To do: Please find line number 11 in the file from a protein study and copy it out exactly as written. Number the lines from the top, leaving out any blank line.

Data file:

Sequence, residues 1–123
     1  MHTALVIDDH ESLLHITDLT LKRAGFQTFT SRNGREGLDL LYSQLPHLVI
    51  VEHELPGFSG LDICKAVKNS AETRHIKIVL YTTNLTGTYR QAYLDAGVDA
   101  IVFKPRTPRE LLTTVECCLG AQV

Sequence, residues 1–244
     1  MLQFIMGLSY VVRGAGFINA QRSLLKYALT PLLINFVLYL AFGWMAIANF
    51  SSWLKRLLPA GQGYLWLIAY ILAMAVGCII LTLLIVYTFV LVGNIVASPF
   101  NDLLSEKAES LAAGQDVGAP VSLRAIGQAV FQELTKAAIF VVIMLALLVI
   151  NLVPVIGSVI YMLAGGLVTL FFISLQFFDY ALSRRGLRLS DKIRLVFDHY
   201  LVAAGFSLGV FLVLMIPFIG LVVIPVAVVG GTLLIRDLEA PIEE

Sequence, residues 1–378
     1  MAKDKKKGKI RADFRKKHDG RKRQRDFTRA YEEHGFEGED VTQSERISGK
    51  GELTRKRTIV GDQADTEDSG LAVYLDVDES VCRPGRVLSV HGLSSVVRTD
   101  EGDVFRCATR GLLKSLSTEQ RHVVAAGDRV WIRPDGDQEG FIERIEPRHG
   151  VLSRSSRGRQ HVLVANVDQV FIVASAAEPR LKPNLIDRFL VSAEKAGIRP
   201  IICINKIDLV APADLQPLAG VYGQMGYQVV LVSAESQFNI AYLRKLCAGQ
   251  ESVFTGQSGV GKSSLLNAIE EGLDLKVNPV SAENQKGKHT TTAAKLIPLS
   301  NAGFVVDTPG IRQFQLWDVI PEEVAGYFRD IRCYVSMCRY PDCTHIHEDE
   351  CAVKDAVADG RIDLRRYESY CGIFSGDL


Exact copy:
Sequence, residues 1–378